The need for senior agency talent.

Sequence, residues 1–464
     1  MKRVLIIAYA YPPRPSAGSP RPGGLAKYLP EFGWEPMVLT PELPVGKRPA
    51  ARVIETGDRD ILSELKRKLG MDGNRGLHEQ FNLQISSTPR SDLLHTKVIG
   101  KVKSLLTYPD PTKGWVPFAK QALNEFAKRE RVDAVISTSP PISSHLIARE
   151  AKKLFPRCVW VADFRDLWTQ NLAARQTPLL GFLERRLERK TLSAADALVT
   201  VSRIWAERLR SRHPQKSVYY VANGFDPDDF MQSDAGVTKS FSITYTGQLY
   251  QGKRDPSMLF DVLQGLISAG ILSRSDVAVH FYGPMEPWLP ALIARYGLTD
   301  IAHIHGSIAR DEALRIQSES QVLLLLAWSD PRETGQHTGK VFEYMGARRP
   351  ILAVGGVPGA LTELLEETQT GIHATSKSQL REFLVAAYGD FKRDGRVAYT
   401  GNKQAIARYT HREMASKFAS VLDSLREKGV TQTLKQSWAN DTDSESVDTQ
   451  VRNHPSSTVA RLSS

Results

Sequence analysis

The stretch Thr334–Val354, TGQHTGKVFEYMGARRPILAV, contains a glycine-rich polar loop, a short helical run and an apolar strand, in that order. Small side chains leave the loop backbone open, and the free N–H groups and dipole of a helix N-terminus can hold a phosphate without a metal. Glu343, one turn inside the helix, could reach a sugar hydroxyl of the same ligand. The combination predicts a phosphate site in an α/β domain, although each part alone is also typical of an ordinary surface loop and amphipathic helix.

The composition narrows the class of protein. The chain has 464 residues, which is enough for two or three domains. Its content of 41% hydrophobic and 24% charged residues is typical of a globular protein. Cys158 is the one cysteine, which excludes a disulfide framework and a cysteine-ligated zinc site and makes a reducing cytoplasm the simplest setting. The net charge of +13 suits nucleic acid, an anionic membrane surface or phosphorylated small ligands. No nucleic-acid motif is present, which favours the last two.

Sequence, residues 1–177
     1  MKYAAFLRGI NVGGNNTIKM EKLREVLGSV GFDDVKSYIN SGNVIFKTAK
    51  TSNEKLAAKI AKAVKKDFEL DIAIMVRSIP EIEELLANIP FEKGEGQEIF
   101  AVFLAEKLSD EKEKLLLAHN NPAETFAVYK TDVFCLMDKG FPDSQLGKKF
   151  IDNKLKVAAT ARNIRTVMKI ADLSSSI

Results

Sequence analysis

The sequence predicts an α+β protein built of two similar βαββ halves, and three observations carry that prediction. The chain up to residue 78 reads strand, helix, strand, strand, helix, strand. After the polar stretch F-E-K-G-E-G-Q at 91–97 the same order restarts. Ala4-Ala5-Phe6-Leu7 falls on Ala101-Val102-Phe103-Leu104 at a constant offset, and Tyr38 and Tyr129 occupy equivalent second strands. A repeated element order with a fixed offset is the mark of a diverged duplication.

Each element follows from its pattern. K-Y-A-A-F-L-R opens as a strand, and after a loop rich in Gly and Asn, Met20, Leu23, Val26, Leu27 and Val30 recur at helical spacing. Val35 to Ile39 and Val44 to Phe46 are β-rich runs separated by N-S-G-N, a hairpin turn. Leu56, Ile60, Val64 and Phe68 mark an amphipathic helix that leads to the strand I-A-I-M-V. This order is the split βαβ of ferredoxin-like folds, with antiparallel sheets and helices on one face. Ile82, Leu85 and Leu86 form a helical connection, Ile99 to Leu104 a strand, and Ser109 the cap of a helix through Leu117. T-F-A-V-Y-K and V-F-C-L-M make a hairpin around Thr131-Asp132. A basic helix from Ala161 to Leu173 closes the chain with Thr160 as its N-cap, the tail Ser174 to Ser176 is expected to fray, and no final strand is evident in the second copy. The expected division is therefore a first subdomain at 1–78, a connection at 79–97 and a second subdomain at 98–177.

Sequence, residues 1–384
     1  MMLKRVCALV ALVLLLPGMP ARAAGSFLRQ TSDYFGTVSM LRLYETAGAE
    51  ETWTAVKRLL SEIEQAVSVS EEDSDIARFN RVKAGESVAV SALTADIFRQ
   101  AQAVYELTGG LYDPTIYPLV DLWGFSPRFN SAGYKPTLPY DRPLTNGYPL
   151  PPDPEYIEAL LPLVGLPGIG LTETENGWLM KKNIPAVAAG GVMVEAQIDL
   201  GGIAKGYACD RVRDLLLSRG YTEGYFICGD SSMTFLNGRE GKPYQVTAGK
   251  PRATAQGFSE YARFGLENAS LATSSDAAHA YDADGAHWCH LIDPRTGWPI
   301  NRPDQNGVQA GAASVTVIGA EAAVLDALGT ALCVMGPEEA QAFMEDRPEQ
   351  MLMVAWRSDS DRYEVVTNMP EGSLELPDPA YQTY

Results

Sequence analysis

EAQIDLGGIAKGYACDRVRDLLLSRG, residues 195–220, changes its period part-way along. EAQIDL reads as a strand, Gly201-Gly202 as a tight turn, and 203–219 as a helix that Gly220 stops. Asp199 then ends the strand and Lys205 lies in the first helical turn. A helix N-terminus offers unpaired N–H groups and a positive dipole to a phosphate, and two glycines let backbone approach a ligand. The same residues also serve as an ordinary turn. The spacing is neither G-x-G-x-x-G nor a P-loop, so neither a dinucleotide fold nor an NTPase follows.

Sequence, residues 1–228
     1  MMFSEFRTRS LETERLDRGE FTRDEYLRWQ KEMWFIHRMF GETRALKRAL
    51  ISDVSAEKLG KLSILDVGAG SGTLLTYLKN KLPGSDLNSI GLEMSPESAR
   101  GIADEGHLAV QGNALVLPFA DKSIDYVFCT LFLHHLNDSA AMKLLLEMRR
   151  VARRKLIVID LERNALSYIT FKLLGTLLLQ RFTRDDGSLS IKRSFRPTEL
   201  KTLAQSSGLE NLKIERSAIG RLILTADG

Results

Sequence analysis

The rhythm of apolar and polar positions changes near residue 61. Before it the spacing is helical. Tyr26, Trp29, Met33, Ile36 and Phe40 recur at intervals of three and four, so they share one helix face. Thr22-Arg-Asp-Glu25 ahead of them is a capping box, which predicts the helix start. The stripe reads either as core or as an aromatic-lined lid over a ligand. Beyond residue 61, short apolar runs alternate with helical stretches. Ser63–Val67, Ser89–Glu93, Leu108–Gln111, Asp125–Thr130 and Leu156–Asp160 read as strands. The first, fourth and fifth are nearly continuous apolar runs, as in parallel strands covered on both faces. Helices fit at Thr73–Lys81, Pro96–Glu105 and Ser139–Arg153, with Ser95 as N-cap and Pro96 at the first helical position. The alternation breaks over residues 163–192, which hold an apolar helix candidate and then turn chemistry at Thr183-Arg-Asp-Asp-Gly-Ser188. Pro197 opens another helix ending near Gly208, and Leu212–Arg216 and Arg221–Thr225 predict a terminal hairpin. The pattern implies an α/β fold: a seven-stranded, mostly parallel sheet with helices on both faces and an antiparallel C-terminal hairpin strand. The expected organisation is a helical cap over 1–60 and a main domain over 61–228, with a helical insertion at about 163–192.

The advertising industry has always coveted younger talent in order to stay relevant to the next wave of adult consumers. Changing technology and the way young adults interact socially and communicate is affecting the way agencies approach staffing against the needs of their clients and consumers. From an agency perspective younger talent has always brought enthusiasm, passion and a willingness to try new things. Traditional agencies are fueled by younger talent and represent the majority of staff within the agency. They are a major contributor to the culture and creativity of their organizations. But within all organizations there also needs to be a balance - passion with pragmatism, creativity with direction and inspiration with focus. Senior talent enables agencies to have discipline, direction, and balance. It is great to have an abundance of creativity, but without focus and direction, you have ideas that don't generate action or results. Senior talent can also be more than a reservoir of great stories and anecdotes. Senior talent is often the driving force leading the agencies vision and direction. They bring leadership and discipline to the day-to-day operations of many agencies. They have the ability to easily exchange ideas and are extremely open to sharing insights and knowledge. This exchange is key to enabling junior talent to evolve and to elevate their skills and knowledge. Moreover, senior talent in agencies can establish identifiable role models, which can help inspire junior talent and help them define their future role within the agency. While technology will evolve, the ability to understand behavior and to share insights into the human condition has commonly been the preview of senior members of our society. Senior talent often has a broader perspective of the industry as a whole. This helps them identify underlying objectives that may not be defined in a brief or client communications. Seniors are capable of big-picture thinking and the ability to understand the complexities of client relationships. These are a key benefit of senior agency members. So valued is the input of senior members, that the most common complaint of clients is their lack of access to them. The ability to share and mentor clients is an important role in allowing agencies to take a leadership role with their clients. While it is common practice to have clients serviced by members of their own peer group, the need to bring more experienced members into the working relationship can foster dialogue, communication, and education. Admittedly, younger talent is cheaper and for over the last half-century, the industry has promoted a younger workforce. This has helped agencies reduced their operational overhead and to generate higher margins. This is what clients traditionally see as good value, enabling them to get more done for less. The industry demand for younger talent has resulted in an age drain. In an industry where it was common to seen agency staff in their late 50's and early 60's actively engaged in agency operations during the 80's and 90's, has seen the age threshold reduced to the mid to late 40's in 2017. So while younger talent can recognize social trends, impart knowledge and insights from their peers, there is still a relevant role for senior talent. The need to rely on senior thinking has never been more self-evident then when it comes to pitches. This is when the full power of an agency's senior creative and strategic thinking comes into play. Senior talent often to drive the initial thinking and strategy work, before it is shared with the rest of the agency to flush out. It is also when most agencies reach out to senior freelancers to generate new concepts and insights. Organizations such as The PitchMen are offering agencies access to senior freelance talent and services on an as-needed basis. Companies such as Old Ad Guys™ have created new agency models; giving clients direct access to only senior talent and strategic resources. The ability to mentor, educate and bring solutions based on personal experience is still relevant to today's marketers. When evaluating whether to utilize more senior talent, consider their ability to problem-solve quickly, the category knowledge and insights they can provide, the lack of supervision and the ability to mentor and become positive role models to junior staff. Ultimately, senior talent is a proven commodity. While the structure and models of agencies will evolve so will their need to maintain a balance of innovation and experience. The ability to integrate creative and strategic talent at all levels creates, diversity, stability, and strength.


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